The limited supply and bandwidth of PC specialists, combined with the often unpredictable clinical course for hospitalized patients, requires non-PC providers to make appropriate symptom management, end-of-life care, and complex referral decisions independently. Despite the ubiquity of PC needs, many providers receive limited training on symptom management principles and communication around end-of-life care. Digital tools can bridge this skills gap. VitalTalk and the Center to Advance Palliative Care, among other organizations, have released free materials to train clinicians in communication skills, particularly around COVID-19.18 Although large multiday trainings may not be feasible for providers during a pandemic, institutions can collate high-yield materials, make them easily accessible, and design brief virtual trainings for providers.
In the future, embedding order sets and decision-making support into EHRs could augment providers’ ability to deliver PC without the need for PC consultation. Prognostication and mortality estimation calculators may facilitate advance care planning documentation. For symptom management, opioid equivalence calculators and curated order sets that highlight first- and second-line medications may help hospitalists independently manage symptoms including pain and dyspnea.
Sustainably building on the innovations of the past several months in PC will demand 4 key factors. First, new digital tools, including telehealth videoconferencing platforms, must achieve a balance across security (eg, personal health information protection), usability (eg, accessible hardware and software), and performance (eg, video and audio quality, connectivity). EHRs that integrate with digital tools seamlessly can improve the user experience for patients and providers alike. Embedded video platforms should facilitate sharing laboratory tests, images, and educational materials with patients. For example, patients and providers could work together on goals-of-care worksheets in real time on an “e-whiteboard” stored within the EHR.
Second, patient-facing video platforms must adapt to ensure usability and access across patient populations to overcome the “digital divide,” which disproportionately affects patients of advanced age and lower socioeconomic status.19 Platforms that function on the web and on different operating systems (eg, Android, iOS) may allow a broader range of patients to access services. Organizations should also invest in robust technology support teams who help patients access and troubleshoot digital tools.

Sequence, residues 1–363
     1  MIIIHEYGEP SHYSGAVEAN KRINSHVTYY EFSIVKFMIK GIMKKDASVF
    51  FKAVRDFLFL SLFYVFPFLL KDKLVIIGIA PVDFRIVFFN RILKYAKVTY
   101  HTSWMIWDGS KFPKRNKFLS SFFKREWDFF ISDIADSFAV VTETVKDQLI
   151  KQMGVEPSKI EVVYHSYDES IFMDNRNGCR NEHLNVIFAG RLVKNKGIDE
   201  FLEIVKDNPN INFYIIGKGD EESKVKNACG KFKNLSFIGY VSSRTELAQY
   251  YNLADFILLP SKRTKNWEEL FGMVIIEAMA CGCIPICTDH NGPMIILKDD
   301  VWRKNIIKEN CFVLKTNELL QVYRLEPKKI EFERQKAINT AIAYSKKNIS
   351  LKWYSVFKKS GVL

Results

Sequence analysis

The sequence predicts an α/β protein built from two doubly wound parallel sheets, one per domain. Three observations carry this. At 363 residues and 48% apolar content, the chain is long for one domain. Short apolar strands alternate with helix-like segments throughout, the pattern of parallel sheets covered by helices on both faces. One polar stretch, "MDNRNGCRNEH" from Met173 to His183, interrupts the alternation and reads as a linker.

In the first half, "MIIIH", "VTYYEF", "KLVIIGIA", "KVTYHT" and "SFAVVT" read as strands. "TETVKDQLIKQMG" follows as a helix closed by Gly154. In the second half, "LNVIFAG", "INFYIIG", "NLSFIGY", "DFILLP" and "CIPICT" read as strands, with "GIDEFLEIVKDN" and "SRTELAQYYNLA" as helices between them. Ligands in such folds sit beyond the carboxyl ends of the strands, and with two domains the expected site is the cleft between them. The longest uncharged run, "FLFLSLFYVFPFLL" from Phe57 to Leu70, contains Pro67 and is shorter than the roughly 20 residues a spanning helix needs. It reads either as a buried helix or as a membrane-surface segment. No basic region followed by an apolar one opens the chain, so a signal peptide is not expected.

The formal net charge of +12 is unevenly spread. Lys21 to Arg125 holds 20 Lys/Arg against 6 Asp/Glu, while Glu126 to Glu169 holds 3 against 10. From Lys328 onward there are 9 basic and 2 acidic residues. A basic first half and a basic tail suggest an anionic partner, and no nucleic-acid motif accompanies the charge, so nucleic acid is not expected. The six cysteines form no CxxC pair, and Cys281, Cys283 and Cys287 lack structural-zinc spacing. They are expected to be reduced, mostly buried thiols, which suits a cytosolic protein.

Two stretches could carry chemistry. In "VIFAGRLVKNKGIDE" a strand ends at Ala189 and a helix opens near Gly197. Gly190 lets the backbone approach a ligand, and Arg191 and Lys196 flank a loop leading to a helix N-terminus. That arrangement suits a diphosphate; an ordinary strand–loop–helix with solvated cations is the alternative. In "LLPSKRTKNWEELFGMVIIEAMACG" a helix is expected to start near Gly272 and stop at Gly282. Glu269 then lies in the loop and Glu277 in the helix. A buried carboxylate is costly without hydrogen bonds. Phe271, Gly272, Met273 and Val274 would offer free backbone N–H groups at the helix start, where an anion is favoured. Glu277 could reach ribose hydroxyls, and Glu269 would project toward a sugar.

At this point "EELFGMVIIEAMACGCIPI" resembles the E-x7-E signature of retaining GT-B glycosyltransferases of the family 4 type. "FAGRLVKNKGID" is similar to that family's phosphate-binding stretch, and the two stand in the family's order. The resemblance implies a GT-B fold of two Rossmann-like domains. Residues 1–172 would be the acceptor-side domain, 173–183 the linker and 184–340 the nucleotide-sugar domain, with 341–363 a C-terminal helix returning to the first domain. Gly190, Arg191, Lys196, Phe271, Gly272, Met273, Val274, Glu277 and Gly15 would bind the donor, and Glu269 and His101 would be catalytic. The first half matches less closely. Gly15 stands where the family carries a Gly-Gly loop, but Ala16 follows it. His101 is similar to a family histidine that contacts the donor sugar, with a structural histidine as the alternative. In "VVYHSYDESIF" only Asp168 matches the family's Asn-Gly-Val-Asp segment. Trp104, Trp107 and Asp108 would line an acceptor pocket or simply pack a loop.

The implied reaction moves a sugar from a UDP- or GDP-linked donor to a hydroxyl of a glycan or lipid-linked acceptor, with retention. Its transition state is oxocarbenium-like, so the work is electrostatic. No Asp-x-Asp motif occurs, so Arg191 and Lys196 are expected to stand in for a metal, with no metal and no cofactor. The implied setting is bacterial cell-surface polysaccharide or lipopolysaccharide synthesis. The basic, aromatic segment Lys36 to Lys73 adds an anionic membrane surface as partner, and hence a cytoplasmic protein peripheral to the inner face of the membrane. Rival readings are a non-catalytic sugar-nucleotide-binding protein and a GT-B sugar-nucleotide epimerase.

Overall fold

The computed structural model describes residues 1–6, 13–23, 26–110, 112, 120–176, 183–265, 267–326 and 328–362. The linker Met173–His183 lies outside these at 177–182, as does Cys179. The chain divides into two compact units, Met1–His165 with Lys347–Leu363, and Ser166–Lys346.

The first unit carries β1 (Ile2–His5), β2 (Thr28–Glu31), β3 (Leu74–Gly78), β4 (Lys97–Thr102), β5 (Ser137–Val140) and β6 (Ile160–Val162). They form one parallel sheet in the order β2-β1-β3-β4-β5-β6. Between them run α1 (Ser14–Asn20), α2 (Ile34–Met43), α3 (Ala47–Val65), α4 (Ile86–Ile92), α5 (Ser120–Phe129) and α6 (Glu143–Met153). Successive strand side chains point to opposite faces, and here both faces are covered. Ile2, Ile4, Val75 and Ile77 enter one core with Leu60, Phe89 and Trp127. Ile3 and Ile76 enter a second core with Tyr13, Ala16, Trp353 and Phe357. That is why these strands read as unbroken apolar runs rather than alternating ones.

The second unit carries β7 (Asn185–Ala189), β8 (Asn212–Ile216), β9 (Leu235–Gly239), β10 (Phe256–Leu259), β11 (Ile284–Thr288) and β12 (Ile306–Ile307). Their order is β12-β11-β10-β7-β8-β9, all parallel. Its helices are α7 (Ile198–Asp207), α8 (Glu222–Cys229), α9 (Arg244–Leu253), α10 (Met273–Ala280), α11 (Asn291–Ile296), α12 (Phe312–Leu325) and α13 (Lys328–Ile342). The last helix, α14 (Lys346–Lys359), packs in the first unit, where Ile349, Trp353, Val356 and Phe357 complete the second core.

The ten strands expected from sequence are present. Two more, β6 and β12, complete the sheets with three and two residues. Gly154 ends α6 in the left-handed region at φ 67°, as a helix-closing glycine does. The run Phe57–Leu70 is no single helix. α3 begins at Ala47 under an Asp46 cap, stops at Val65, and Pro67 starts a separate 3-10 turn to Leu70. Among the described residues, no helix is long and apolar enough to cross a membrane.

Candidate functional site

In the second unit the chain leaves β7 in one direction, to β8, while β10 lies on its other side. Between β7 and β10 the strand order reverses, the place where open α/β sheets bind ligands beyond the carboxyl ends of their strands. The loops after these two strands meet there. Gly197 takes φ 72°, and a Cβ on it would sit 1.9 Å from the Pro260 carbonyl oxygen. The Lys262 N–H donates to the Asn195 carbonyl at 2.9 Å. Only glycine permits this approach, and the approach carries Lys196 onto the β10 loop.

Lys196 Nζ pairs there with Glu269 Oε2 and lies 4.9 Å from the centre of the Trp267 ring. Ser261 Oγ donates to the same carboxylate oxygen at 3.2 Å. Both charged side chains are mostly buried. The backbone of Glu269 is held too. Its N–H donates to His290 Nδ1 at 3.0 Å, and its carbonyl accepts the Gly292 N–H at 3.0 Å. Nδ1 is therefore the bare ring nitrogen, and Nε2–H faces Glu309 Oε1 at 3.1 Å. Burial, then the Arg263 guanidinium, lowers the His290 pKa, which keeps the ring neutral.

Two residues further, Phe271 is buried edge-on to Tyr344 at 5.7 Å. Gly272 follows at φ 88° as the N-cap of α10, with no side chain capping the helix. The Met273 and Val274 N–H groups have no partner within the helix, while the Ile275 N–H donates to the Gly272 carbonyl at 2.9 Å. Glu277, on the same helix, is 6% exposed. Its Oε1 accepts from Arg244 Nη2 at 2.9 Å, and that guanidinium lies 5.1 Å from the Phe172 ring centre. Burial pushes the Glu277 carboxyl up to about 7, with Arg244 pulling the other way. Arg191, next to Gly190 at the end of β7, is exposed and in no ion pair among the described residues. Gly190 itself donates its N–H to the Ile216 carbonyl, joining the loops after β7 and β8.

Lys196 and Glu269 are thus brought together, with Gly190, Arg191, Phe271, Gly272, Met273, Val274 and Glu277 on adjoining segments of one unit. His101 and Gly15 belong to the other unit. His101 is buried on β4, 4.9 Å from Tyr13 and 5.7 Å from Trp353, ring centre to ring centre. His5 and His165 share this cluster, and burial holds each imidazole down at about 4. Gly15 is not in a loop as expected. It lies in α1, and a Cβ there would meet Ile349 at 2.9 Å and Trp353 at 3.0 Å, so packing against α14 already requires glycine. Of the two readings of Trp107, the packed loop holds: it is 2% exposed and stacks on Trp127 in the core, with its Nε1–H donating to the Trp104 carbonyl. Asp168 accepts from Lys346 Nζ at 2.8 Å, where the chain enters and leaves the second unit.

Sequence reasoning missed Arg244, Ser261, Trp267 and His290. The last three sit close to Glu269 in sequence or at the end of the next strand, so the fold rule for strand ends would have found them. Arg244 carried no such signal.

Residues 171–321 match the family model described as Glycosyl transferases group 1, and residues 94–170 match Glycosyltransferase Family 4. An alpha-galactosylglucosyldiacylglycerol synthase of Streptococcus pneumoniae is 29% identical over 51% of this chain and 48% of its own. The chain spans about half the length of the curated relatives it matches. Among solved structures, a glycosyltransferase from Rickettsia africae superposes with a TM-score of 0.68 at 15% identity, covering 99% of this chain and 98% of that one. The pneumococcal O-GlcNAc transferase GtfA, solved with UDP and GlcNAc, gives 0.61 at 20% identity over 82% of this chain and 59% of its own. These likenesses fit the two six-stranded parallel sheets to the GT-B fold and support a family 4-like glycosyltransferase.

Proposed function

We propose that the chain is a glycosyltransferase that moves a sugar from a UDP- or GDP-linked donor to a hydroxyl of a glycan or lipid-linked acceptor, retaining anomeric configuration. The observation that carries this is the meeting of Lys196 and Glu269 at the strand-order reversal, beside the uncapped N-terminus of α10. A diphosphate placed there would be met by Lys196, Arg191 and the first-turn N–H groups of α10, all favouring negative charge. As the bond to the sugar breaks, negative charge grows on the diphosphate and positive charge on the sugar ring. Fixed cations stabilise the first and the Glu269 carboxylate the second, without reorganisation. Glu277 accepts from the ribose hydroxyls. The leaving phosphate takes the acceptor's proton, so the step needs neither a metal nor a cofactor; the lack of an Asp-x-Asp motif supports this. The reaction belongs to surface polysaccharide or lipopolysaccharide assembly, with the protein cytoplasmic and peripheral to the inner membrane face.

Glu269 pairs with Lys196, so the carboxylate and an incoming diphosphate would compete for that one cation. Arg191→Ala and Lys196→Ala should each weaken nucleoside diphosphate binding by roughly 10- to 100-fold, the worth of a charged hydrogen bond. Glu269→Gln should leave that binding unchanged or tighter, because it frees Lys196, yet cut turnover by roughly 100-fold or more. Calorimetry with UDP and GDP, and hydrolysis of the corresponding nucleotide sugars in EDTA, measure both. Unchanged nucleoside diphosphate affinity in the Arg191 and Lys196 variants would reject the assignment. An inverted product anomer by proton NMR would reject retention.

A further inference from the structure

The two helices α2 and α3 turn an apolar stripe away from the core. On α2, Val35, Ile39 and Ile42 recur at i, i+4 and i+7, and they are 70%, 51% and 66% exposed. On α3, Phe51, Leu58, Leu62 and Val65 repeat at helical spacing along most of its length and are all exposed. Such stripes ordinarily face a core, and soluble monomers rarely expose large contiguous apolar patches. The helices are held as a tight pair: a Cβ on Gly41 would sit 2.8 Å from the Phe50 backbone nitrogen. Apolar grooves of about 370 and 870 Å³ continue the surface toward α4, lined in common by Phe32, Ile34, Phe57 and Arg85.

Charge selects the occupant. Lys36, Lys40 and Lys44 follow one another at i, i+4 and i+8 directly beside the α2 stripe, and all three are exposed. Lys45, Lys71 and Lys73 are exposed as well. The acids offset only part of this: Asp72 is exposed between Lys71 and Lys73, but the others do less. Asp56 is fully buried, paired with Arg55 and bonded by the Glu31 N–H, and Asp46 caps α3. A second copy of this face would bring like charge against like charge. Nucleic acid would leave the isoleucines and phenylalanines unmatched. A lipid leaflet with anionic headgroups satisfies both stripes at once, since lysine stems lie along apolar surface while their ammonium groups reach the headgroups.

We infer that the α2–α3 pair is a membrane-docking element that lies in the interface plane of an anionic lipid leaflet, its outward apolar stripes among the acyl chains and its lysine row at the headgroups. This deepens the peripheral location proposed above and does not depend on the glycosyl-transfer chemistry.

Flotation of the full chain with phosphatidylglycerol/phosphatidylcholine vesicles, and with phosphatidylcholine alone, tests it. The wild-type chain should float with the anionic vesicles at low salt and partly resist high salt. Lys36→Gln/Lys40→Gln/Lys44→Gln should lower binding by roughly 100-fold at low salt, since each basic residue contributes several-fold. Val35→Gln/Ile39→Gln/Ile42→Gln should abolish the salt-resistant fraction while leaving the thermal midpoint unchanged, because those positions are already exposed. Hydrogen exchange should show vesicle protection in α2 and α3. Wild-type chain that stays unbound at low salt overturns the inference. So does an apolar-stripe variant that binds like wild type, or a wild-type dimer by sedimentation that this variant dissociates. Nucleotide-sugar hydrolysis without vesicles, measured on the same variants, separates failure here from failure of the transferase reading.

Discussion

Third, reimbursement policies for virtual care, including payment parity for video visits and reimbursement for inpatient e-consults, must be expanded to support the ongoing use of and investment in these technologies.
Finally, the long-term success of digital innovations requires patient and provider engagement and satisfaction. Research to better understand patient and provider perspectives that parallels implementation efforts will enable systems to incorporate real-time feedback into process and product improvements.
The COVID-19 pandemic accelerated health care systems’ transition into the era of telemedicine, transforming nearly every clinical service in a matter of months. PC in particular has adapted to the unique demands of the COVID-19 pandemic through a variety of digital health tools and workflows, including telehealth, e-consults, and training tools. If further supported and scaled, digital innovations can facilitate a care model that allows PC and providers to work together to provide essential PC to more patients and to overcome the constraints of a relatively fixed specialty workforce—during the pandemic and beyond.
Author Affiliations: Department of Medicine (SG, TJ) and Division of Palliative Medicine (JH), University of California, San Francisco, San Francisco, CA.
Source of Funding: None.